The revelation in 1801 of the secret agreement of 1800, whereby Spain retroceded Louisiana to France, aroused uneasiness in the United States both because Napoleonic France was an aggressive power and because Western settlers depended on the Mississippi River for commerce. In a letter to the American minister to France, Robert R. Livingston (1746–1813; see Livingston, family), President Jefferson stated that “The day that France takes possession of New Orleans . . . we must marry ourselves to the British fleet and nation.” Late in 1802 the right of deposit at New Orleans, granted to Americans by the Pinckney treaty of 1795, was withdrawn by the Spanish intendant (Louisiana was still under Spanish control). Although Spain soon restored the right of deposit, the acquisition of New Orleans became of paramount national interest.
Negotiations and Purchase
Jefferson instructed Livingston to attempt to purchase the “Isle of Orleans” (i.e., New Orleans) and West Florida from France. He appointed James Monroe minister extraordinary and plenipotentiary to serve with Livingston. Congress granted the envoys $2 million to secure their object.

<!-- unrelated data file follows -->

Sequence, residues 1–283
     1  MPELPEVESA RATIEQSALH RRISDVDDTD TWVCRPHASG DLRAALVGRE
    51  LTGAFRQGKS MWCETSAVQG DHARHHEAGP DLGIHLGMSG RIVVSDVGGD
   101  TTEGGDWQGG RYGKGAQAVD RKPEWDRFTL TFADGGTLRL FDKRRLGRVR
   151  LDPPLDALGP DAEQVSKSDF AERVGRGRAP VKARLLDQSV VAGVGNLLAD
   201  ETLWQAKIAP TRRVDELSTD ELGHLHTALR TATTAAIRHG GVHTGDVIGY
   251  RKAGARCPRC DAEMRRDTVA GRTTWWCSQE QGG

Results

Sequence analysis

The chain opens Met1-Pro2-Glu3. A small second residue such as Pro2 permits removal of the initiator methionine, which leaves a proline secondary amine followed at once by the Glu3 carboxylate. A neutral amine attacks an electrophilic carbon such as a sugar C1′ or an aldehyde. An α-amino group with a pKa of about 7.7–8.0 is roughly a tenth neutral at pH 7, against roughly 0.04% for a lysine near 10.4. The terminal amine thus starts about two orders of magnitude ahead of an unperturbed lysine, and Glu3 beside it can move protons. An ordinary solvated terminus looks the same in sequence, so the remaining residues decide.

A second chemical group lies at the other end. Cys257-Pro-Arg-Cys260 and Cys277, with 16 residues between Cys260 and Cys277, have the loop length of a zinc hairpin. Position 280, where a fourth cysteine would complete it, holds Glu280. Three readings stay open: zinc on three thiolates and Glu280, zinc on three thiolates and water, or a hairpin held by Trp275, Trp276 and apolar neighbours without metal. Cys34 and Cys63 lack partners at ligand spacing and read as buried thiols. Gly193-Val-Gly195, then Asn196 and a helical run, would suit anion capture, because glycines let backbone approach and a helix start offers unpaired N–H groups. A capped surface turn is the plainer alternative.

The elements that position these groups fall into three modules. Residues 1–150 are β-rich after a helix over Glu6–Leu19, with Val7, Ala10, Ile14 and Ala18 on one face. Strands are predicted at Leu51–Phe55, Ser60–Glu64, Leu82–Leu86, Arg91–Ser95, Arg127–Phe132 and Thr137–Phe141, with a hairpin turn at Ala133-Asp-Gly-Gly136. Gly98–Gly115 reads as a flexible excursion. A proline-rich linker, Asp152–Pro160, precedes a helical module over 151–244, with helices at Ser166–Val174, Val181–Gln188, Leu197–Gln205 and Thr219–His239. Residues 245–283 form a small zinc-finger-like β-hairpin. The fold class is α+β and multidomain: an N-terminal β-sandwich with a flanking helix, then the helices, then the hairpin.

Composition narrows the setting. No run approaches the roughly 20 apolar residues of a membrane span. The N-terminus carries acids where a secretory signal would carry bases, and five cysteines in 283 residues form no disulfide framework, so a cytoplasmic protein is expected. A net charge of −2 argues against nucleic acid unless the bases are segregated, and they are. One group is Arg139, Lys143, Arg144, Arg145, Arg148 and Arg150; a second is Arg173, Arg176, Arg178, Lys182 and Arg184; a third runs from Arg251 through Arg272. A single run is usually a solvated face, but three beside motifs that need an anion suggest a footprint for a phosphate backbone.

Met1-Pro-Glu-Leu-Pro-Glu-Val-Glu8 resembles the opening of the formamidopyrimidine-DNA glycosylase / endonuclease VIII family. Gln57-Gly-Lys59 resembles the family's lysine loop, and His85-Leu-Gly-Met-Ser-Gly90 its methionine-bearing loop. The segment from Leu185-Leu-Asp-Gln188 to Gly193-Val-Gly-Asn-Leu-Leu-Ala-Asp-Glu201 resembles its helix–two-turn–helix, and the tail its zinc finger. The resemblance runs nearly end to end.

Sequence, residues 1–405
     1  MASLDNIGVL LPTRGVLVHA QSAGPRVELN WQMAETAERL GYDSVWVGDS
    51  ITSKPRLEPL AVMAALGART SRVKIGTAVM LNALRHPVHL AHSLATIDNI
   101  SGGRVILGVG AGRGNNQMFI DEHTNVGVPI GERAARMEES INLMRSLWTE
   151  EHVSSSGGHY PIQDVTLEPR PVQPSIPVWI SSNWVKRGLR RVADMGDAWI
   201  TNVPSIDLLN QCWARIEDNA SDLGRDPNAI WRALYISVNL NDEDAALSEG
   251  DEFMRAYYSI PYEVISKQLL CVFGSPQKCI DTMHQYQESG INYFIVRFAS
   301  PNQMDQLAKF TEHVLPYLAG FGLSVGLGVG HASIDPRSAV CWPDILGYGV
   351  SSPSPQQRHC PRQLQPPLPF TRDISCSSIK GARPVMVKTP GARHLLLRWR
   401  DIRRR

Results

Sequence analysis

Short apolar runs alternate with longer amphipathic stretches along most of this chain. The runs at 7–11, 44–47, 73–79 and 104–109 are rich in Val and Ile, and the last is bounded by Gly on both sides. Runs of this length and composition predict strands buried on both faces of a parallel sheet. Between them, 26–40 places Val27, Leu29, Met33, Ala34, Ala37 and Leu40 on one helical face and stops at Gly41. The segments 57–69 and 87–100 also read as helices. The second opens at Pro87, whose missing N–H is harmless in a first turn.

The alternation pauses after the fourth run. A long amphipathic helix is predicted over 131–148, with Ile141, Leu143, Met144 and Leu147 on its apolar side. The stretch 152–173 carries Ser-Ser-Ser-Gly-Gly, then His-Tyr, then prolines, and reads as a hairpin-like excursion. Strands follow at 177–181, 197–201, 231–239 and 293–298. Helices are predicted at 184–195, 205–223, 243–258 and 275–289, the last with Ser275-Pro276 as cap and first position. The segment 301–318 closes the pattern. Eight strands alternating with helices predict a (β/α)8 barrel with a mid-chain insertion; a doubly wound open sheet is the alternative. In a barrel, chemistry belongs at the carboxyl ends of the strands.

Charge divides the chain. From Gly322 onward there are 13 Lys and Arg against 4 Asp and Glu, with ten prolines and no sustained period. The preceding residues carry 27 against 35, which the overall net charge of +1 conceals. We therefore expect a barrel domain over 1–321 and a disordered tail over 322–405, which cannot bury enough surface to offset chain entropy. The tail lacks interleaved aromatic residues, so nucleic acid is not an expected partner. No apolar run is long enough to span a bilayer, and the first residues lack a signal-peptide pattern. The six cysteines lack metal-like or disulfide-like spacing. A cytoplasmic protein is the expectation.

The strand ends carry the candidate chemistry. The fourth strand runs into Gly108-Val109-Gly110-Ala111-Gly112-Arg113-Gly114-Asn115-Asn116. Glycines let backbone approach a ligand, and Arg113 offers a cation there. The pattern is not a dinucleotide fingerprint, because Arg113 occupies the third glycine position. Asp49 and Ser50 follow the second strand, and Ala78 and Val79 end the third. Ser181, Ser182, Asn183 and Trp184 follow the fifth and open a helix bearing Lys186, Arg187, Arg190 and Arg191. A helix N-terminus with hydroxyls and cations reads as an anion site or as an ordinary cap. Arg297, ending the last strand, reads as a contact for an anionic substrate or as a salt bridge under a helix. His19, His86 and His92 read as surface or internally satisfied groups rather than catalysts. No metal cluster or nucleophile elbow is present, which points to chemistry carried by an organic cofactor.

The international situation favored the American diplomats. Louisiana was of diminishing importance to France. The costly revolt in Haiti forced the French emperor Napoleon I to reconsider his plan to make Hispaniola the keystone of his colonial empire, and impending war with Great Britain made him question the feasibility of holding Louisiana against that great naval power. He decided to sell Louisiana to the United States.
On April 11, 1803, the French foreign minister Charles Maurice de Talleyrand opened negotiations by asking the surprised Livingston what the United States would give for all of Louisiana. Bargaining began in earnest the next day, on Monroe's arrival in Paris. On April 29, the U.S. envoys agreed to pay a total of $15 million to France; about $3,750,000 of this sum covered claims of U.S. citizens against France, which the U.S. government agreed to discharge. The treaty, dated April 30, 1803, was signed several days later. Jefferson's scruples about the constitutionality of the purchase were overcome by his fears that Napoleon might change his mind (as intimated in reports from Livingston) and by the overwhelming public approval of the Louisiana Purchase (although there was some objection from Federalists, especially in New England).
The treaty was ratified by the U.S. Senate in October, and the U.S. flag was raised over New Orleans on Dec. 20. The Louisiana Purchase, extending from the Mississippi River to the Rocky Mts. and from the Gulf of Mexico to British North America, doubled the national domain, increasing it c.828,000 sq mi (c.2,144,500 sq km). The final boundaries of the territory were not settled for many years (see West Florida Controversy), since the 1803 treaty did not set the limits of the region